Homestead Exemption
Who qualifies for the Homestead Exemption?
The Homestead Exemption is available to any Ohio resident who: 
  • Owns and lives in the home as their primary residence.
  • Qualifies by income verification.
  • Is at least 65 years old or turns 65 in the year for which they apply; or
  • Is totally and permanently disabled as of Jan. 1 of the year they apply, as certified by a licensed physician or psychologist, or a state or federal agency; or
  • Is the surviving spouse of a person who was receiving the exemption at the time of death, and where the surviving spouse was at least age 59 on the date of death; or
  • Is the surviving spouse of a public service officer killed in the line of duty; or
  • Regardless of income, is an honorably discharged Veteran of the U.S. Armed Forces who has received a total and permanent (100%) disability rating or is receiving compensation at the 100% rate based on individual unemployability for a service-connected disability or combination of service-connected disabilities from the Department of Veterans Affairs.
What is the benefit?
The Homestead Exemption allows qualifying senior citizens, disabled persons, and surviving spouses to reduce their property tax burden by shielding up to $26,200 of the value of their home from taxation. The savings varies by taxing district but averages around $360 per year across Butler County. The exemption is limited to the “homestead,” which Ohio law defines as an owner’s dwelling, including up to one acre of adjacent land.

Qualifying disabled Veterans and surviving spouses of public service officers may shield up to $52,300 of the value of their home from taxation. The savings averages around $700 per year.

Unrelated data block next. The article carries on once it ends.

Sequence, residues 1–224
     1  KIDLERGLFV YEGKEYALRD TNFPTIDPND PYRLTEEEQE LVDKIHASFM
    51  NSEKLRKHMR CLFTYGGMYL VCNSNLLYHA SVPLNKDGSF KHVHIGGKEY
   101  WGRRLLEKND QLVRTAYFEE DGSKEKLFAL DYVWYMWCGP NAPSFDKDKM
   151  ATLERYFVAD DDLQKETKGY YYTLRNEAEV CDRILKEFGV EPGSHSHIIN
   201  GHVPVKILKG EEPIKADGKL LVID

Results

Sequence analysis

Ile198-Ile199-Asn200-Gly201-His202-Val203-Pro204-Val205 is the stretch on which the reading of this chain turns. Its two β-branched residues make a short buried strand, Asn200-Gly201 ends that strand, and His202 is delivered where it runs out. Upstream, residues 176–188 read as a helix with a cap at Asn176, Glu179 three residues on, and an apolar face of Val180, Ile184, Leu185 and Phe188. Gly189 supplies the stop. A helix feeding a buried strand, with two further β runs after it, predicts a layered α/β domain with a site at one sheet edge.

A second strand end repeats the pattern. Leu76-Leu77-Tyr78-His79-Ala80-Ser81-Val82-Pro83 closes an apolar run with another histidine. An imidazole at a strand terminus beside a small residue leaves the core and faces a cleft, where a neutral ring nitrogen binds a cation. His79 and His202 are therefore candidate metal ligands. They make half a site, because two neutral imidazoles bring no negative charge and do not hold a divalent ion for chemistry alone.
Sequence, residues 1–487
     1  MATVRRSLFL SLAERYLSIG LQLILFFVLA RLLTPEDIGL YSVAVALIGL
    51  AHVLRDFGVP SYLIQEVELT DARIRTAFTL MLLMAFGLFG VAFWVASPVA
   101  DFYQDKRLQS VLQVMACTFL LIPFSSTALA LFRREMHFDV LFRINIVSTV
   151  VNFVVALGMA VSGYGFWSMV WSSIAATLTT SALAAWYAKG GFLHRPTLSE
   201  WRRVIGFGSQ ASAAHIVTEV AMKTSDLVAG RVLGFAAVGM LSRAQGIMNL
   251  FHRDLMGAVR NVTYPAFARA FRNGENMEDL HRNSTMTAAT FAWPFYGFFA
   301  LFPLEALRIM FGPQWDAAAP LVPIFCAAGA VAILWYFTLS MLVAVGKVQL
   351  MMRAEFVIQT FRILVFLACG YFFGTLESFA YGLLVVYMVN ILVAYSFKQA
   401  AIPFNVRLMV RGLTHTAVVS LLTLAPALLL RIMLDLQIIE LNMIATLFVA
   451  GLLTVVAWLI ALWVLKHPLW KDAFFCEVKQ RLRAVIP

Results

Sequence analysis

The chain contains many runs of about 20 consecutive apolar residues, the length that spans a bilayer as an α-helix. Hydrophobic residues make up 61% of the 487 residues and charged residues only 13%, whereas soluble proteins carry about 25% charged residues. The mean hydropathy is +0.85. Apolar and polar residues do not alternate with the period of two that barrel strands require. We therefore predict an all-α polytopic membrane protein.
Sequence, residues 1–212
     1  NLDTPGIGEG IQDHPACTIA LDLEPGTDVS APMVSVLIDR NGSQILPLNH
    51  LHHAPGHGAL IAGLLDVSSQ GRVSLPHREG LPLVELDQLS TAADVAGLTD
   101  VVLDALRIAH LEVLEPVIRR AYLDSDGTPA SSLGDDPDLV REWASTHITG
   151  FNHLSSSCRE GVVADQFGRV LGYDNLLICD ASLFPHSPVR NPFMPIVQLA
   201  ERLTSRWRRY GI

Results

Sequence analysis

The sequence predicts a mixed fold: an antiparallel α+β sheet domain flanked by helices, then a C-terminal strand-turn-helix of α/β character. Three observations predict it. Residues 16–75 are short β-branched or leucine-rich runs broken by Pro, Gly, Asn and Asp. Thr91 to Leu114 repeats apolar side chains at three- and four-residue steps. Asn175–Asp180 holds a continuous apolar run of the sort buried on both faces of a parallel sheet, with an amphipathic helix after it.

What is the income limit?

The maximum allowable income for those eligible beginning the 2023 tax year is $36,100 (2022 Ohio tax return).  The  maximum allowable income increases for the 2024 tax year to $38,600 (2023 Ohio tax return). If applying, refer to Line 3 of your income tax return and add Line 11 (business income) of your Ohio Schedule A.

Total income is the combined income of the owner and the owner's spouse if legally married.

If yo do not file Ohio income taxes, you will be asked to produce a federal income tax return, or complete form DTE105H.

There is no income limit for qualifying disabled Veterans or surviving spouse of public service officers killed in the line of duty.

What is counted as income?

OAGI is Ohio Adjusted Gross Income and is found on line 3 of the Ohio income tax return. Additions and deductions are applied to Federal Adjusted Gross Income to arrive at OAGI. OAGI generally does not include Social Security.

Effective for tax year 2020 for real property and tax year 2021 for manufactured homes, the definition of "income" has been changed for the purpose of determining eligibility for the Homestead Exemption. The new definition is described as "Modified Adjusted Gross Income" (MAGI). Modified Adjusted Gross Income is OAGI plus any business income that has been deducted in computing OAGI on line 11 of Ohio Individual Income Tax Schedule A. This business income must now be included in the income calculation used to determine eligibility for the Homestead Exemption.

Does the income limitation include Social Security?
Generally, Social Security benefits do not count as income for the Homestead Exemption.  
Is there a deadline or filing period?

Applications for the Homestead Exemption may be filed beginning the first Monday in January, and must be received by the Auditor’s Office no later than December 31st of each year.

A photo copy of a picture ID for proof of age is required. You may attach a copy of your driver's license, passport, or Ohio ID to your application.